Happy International Dance Day! In 1982 the Dance Committee of the International Theatre Institute (ITI) decided to celebrate April 29, the anniversary of the pioneering French dancer and choreographer Jean-Georges Noverre (1727-1810) as a day
“to celebrate dance, revel in the universality of this art form, cross all political, cultural and ethnic barriers, and bring people together with a common language – dance.” (International Dance Day – International Theatre Institute ITI. Accessed April 28, 2021. https://www.international-dance-day.org/internationaldanceday.html.)
In this post, we highlight some of the material in the collections of AKDC@MIT and Archnet.org that celebrate dance, not only as an art, but as a form of religious, cultural and social expression. The image at the top of this post shows musicians and a dancer twirling so fast she is captured as a blur. This photograph was taken in the courtyard of the 17th c. Shir Dar Madrasa in Samarkand, Uzbekistan, and is part of the Archnet collection of photographs taken in Central Asia by Sebastian Schutyser for the Aga Khan Music Programme.
Three other collections relevant to International Dance Day are the Music of Morocco collection, including music and photographs of dance performances from Morocco in 1959 and the early 1970s; and the video and photographs from the Iranian Zurkhaneh in which music, exercise and dance meet in ritualistic performances; and even the postcards of a Burlesque performer in Cairo, 1908-1912.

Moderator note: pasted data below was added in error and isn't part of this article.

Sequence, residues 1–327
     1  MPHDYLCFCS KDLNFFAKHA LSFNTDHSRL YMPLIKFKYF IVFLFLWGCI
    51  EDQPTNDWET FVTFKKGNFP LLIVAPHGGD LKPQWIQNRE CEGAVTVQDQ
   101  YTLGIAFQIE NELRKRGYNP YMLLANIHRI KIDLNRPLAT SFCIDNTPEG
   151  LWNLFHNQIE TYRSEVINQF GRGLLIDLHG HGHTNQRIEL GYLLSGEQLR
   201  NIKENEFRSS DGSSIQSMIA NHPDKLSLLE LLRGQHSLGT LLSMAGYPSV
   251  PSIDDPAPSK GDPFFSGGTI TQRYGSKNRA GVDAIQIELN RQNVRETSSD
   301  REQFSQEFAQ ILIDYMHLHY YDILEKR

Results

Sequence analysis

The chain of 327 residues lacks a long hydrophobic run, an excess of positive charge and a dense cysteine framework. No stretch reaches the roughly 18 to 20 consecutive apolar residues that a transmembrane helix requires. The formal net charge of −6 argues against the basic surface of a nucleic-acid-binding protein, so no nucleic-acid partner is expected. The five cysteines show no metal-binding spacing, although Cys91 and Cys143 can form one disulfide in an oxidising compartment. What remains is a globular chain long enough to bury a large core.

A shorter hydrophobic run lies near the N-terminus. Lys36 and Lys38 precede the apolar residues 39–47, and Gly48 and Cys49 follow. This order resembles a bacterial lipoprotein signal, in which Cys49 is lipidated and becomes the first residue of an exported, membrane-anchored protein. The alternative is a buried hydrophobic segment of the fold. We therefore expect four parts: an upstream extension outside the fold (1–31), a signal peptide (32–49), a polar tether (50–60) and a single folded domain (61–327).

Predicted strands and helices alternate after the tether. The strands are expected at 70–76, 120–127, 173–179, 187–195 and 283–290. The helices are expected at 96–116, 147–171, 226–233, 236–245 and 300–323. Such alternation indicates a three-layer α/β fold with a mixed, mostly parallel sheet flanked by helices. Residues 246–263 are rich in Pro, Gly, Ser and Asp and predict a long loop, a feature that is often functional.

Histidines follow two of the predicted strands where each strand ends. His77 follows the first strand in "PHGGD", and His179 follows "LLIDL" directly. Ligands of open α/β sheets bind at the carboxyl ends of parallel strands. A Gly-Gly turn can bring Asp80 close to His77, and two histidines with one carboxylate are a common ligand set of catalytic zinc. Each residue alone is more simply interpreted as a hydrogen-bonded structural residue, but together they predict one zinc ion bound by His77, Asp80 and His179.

Of course, these three collections are not the only relevant resources. You will also find site entries for various schools of dance and performing arts venues, a syllabus for teaching about Art, Architecture and Tradition in West Africa, including dance, and images of dance performances from throughout the history of Muslim societies.
In the Aga Khan Visual Archive you will find plans, elevations and sectional drawing for the High Institute for Popular Arts in Aswan, Egypt, designed by the great Egyptian architect Hassan Fathy. On Archnet you can also find Hassan Fathy’s report to the Egyptian Minister Dr. Tharwat Okasha, on the importance of the promotion of folk and traditional dancing in Egyptian culture.
In the AKVA, you will also find an image of dancers at a Macedonian wedding; artwork depicting Balinese dancers from the collection of the Museum Puri Lukisan in Ubud, Bali, Indonesia; and a number of performing arts schools and centers, such as the Alhamra Arts Council in Lahore, Pakistan (Recipient of the Aga Khan Award for Architecture in 1998); the Alisher Navoi Opera and Ballet Theatre in Tashkent, Uzbekistan; the State Opera and Ballet Theater in Bishkek, Kyrgyzstan; the Shri Ram Centre for the Performing Arts in New Delhi, India; and the Indonesia College of the Arts in Denpasar, Bali, Indonesia.
There is certainly much more to explore than we have highlighted here, so have at it. What do you find most fascinating? What would you like to see that we don’t have? Remember that we always welcome contributions of scholarship and media, so we’d be happy to hear from you.
In the meantime, even if you are home in pandemic lockdown, why not celebrated International Dance Day by moving your feet to the rhythm of your favorite music!